Former attorney general speaks at Webster


Loretta Lynch encouraged Americans to raise the voices of all citizens.

Former U.S. Attorney General Loretta Lynch came to Webster on Monday to speak.  In her presentation “Empowering the Next Generation of Change Agents,” Lynch reminded the Webster audience of historic legal struggles people of color faced.

As Attorney General, she encouraged better relations between police forces and communities.

President Barack Obama appointed Lynch in 2015 as the first female African-American attorney general.

The former attorney general sat down with Webster students before her speech.  Lynch said the conversation gave her great hope.

Loretta Lynch worked as the 83rd attorney general from 2015 to 2017. Photo by Vanessa Jones.

“Their questions, their thoughts, their insights rival anything happening in Washington today,” Lynch said.

John Wallis, president of the college Democrats at Webster, introduced Lynch at her speech. Wallis emphasized the importance of political leaders, regardless of political party, to speak out for their constituents.

“It shows us that they are leading for us,” Wallis said. “They want to hear from us as students.”

When Wallis introduced Lynch, he said her commitment to civil rights can lead us to a better place.

Associate Dean of Students Colette Cummings, who supervises the Multicultural Center and International Student Affairs (MCISA) offices, said she hoped Webster students realize the opportunities they have.

“Any influence I can have to help students make better decisions and get the broader spectrum of people who are already changing lives is a beautiful thing,” Cummings said.  “If students can see she did it, they can do it.”

While the Webster students gave hope to the former attorney general, she expressed that our fight for freedom goes back over centuries.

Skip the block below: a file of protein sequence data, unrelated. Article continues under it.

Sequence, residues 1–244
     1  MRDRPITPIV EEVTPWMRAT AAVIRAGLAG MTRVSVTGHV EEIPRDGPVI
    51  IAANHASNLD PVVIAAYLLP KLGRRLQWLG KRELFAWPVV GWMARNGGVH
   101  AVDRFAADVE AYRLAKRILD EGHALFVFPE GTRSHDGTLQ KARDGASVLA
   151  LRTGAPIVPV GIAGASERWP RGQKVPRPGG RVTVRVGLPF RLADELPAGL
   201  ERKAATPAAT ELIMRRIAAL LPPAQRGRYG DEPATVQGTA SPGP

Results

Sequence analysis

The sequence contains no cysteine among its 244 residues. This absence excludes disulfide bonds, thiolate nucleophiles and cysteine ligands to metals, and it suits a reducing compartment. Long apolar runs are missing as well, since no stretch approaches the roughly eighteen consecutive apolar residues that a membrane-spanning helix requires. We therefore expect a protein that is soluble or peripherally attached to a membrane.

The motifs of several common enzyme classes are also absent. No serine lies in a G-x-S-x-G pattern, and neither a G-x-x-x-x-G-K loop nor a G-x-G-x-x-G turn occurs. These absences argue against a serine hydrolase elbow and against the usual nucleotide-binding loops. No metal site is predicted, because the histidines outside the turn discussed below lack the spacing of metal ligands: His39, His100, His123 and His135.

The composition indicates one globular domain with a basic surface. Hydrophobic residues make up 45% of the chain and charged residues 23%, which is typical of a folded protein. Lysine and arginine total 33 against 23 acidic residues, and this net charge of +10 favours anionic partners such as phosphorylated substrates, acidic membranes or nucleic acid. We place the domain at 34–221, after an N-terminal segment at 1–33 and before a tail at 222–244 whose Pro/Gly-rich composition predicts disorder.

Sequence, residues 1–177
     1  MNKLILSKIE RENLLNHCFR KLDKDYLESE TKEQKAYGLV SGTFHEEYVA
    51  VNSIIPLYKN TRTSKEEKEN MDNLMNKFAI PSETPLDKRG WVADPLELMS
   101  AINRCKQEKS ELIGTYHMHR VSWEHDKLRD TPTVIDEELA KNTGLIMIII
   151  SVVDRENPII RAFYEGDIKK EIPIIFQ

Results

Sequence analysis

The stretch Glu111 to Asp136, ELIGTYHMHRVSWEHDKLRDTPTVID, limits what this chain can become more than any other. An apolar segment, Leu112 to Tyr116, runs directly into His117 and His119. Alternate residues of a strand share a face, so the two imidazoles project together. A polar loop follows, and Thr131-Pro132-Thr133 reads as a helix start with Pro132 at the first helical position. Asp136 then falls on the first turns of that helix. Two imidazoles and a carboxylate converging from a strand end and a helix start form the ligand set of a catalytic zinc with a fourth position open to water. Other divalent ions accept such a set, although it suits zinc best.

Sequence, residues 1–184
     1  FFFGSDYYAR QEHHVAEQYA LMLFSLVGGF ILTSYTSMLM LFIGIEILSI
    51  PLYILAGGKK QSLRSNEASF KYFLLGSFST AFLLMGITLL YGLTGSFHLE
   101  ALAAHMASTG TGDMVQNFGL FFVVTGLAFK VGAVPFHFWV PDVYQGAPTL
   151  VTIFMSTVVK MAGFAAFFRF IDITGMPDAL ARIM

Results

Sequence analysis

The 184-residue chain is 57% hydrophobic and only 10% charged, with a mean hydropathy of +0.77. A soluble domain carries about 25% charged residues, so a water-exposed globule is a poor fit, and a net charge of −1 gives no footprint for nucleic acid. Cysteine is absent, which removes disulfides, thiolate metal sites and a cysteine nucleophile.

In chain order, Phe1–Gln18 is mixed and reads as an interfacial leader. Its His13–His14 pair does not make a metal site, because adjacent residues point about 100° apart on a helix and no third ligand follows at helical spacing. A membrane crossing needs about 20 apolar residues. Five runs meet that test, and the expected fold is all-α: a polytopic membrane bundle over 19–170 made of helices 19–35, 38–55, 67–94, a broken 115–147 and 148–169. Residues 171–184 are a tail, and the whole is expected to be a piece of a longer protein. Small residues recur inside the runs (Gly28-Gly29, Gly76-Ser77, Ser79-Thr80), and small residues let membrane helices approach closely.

“What does it mean to be a citizen of this great country?” Lynch asked, citing the Dred Scott case of 1857.  “The question still stands today.”

Lynch related the case of Dred Scott to the Ferguson unrest of 2014.  She asked what she considers an essential question of democracy.

“What is it America has failed to hear?” Lynch asked the audience multiple times.

As Attorney General, Lynch worked to improve relations between police forces and the communities they served.  Lynch embarked on a nationwide community policing tour to institute systemic change in community policing. Lynch spent months speaking with former Mayor of New York City Rudy Giuliani to improve New Yorker’s views of police departments and the department itself.

Lynch said there is no simple solution to the problems we face in law enforcement.  However, opening a dialogue allows both sides to hear each other’s concerns. Lynch said a discussion on the issues at hand gives both police and their communities the power to effect change.

“Sometimes we don’t always get to see the victory,” Lynch said.  “Sometimes, our task is to pick up the project so that others can be inspired to carry it across the finish line.”

Lynch said that the hardest part of her work as attorney general was encouraging people to listen to one another.

America has failed to hear the voices of private citizens, Attorney General Lynch concluded.  Americans must raise them and keep them up, she said.

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